G is for Gold! Why I love The Treasure of The Sierra Madre

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The Treasure of the Sierra Madre

This is a short post about why I love the brilliant film, ‘The Treasure of The Sierra Madre’ and why I think you will love it too. There will be no spoilers in the post – so read on to find out why I think this classic should be on your viewing list.

Made in 1948 and starring Humphrey Bogart, you could be forgiven for thinking that ‘Treasure of The Sierra Madre’ is just another dated and hackneyed Hollywood adventure film but, for its time, it was a thoroughly modern script and broke many of the standard movie conventions.

Its director, John Huston, was a true firebrand and had a passion for gritty realism in his films. As such, despite misgivings from Warner Brothers, he insisted on shooting almost all of the film on location outside of America. Street scenes were filmed in Tampico, Mexico with the state of Durango serving as bandit country.

The story centres around two out of work drifters, Dobbs (Bogart) and Curtin (played by Tim Holt) living on the bread line and desperately scratching around for the next meal or job offer. During a night in sheltered accommodation they cross paths with a wily retired gold prospector (played by the director’s father, Walter Houston) who regales them with tales of his days panning for gold and of the riches that can be available to a man if he has the heart and the stomach to go out and find them. This sets the scene for the unlikely trio to make a dangerous trek across Mexican bandit country in search of a better life.

Needless to say, the journey isn’t a smooth one, fraught with threats from bandits, Federales and the landscape itself. This is in addition to the most dangerous threat of all – greed and what it can do to a human being.

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Badges? We don’t need no stinkin’ badges!

The script is excellent, with cracking dialogue including the film’s most famous quote, spoken by one of the Mexican bandits they meet along the way:

‘Badges? We don’t need no stinking badges!’

It also includes one of the most convincing and realistic bar fights ever committed to celluloid, from the opening section of the film where Dobbs and Curtin try to extract their unpaid wages from a crooked pay-master.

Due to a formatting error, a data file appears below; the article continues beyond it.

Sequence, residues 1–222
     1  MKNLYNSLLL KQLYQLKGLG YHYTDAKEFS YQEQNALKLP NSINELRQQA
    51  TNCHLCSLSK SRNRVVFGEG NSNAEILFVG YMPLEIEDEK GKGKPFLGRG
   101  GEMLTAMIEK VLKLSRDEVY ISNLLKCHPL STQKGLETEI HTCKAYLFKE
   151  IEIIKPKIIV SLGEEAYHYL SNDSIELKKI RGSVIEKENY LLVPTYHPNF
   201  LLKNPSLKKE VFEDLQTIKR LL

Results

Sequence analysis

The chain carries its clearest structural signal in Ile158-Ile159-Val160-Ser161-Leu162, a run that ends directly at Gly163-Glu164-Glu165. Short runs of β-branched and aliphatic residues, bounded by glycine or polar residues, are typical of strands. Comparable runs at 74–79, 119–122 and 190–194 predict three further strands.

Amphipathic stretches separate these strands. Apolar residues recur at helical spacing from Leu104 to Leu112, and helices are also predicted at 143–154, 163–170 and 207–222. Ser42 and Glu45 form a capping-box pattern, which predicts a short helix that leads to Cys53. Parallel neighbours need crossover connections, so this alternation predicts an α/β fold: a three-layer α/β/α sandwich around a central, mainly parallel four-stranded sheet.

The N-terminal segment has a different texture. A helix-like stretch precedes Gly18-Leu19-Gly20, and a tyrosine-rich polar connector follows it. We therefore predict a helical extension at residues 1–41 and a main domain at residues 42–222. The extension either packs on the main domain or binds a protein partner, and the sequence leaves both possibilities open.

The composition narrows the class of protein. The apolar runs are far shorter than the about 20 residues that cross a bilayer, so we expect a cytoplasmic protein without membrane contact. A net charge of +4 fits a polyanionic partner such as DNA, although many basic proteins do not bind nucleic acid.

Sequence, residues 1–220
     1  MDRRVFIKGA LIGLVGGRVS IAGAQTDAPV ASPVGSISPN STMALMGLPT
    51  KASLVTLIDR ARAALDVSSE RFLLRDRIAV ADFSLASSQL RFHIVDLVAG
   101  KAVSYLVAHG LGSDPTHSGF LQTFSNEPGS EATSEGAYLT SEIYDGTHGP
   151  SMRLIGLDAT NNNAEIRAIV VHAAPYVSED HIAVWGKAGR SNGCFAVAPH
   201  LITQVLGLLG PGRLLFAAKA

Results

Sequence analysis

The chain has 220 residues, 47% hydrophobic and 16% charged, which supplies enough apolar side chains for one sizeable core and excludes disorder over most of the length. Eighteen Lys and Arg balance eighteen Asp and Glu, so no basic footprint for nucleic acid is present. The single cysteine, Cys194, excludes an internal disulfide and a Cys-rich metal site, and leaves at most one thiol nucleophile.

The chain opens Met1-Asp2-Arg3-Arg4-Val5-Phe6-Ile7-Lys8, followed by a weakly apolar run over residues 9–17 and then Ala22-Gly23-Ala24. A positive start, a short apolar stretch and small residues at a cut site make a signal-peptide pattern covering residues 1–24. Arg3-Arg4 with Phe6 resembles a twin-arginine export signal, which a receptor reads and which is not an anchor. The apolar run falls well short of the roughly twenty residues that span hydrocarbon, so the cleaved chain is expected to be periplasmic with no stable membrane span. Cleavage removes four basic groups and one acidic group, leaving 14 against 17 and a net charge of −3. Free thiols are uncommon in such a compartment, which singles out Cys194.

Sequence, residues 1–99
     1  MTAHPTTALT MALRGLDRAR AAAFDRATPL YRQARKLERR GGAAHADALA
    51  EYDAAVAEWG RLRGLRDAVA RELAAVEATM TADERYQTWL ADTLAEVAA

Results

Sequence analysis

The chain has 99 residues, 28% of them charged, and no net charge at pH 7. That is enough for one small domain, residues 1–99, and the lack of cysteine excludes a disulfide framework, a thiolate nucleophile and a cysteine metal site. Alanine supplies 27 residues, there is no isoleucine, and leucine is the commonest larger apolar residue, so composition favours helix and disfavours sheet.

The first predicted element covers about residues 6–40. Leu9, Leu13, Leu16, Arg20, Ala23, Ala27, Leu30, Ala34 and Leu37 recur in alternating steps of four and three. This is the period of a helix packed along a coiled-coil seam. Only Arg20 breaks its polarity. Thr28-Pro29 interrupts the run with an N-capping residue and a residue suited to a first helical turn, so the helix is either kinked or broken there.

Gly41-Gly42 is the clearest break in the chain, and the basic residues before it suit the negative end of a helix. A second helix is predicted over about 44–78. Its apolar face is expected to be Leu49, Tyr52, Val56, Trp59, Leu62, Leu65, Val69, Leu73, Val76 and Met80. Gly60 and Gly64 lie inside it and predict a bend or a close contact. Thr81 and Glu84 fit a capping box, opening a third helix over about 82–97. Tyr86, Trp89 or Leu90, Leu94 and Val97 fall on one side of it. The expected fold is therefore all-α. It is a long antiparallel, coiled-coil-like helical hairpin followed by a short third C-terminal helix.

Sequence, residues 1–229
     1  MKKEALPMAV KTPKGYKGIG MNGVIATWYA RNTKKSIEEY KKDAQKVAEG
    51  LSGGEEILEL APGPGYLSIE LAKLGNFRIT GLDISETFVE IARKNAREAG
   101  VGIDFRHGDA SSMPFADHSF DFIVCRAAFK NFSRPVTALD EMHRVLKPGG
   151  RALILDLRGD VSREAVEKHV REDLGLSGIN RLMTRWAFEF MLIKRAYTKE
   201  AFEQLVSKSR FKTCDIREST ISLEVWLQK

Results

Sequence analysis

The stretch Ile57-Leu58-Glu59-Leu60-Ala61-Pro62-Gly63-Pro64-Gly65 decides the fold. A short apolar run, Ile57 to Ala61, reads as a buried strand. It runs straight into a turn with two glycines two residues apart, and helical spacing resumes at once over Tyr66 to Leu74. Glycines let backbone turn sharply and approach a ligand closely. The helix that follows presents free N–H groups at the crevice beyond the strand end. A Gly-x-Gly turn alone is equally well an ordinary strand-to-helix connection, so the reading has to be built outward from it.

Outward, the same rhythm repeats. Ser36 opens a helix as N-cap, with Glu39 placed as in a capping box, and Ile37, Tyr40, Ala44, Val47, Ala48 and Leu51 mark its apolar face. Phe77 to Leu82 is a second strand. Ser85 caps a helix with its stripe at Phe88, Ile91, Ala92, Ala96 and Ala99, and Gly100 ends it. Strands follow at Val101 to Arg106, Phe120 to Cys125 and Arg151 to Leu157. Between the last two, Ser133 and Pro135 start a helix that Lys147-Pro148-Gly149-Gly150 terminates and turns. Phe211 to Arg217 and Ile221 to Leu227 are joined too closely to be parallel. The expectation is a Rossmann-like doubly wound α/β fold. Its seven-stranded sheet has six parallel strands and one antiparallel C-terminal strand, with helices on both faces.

Thanks to John Huston’s uncompromising vision, a superb script and outstanding performances from its cast, the film went on to win two academy awards – Best Director for John Huston and Best Supporting Actor for his father.

So I urge you to seek out the film and to be entertained, but also to watch one of the most convincing depictions of the power of greed and its corruption of the human spirit. Here’s the original trailer to whet your appetite.

Have you already seen the film? What are your thoughts? Are you a fan? I would love to hear your feedback.

 

This was my 7th post for the A-Z Blog Challenge. Follow the blog during April for more writing tips, inspirational life posts, short fiction, film-inspired articles and even some songs with audio recordings. Next post – H is for History – don’t forget the ‘Story’ part!

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19 thoughts on “G is for Gold! Why I love The Treasure of The Sierra Madre

Add yours

  1. If I’ve not seen this film I’d be surprised but don’t recall the name. Love all things bogart and love black and white. It was in B&W? Great posts. You’d better get drafting the ones past thurs.. tee hee..

    1. If you like Bogart, I would be surprised if you haven’t seen it, Lynne. Having said that, I have spoken to lots of people who have never heard of it, but are familiar with the ‘stinking badges’ line, so perhaps it has just become a forgotten classic.

    1. Yes, Catherine, definitely worth the effort. You could probably find a cheap 2nd hand copy on ebay. You’re right – a good story resonates for a long time.

    1. Thanks Ruby.I love to crowbar it in wherever I can too – usually when attending a conference and they try to make me where an attendee badge. It’s usually met with blank looks!

  2. I love some of these old films. They seem to have something modern films are lacking. (Not that I have anything against modern films, they’re just different I guess.)

    I haven’t seen this particular one. Will have to keep my eye out for it.

    Rinelle Grey

    1. Thanks Rinelle. I just think that any good film (new or old) manages to capture something of the time – even if it is a period piece. There’s just something about those actors and that director coming together to tell that particular story that just works.

  3. I’ve not seen the film, but I love a good quest! Watching those actors made me smile…

    Do these old ‘black and whites’ get an airing on TV these days? I’m so out of touch, there might be a dedicated channel for all I know?

    I enjoyed that. 🙂

    1. Hi Maria. They are hard to spot, but they often show up on BBC on a Saturday afternoon or even sometimes during the week. Alternatively, I think TNT channel is still going and that shows classic films all the time.

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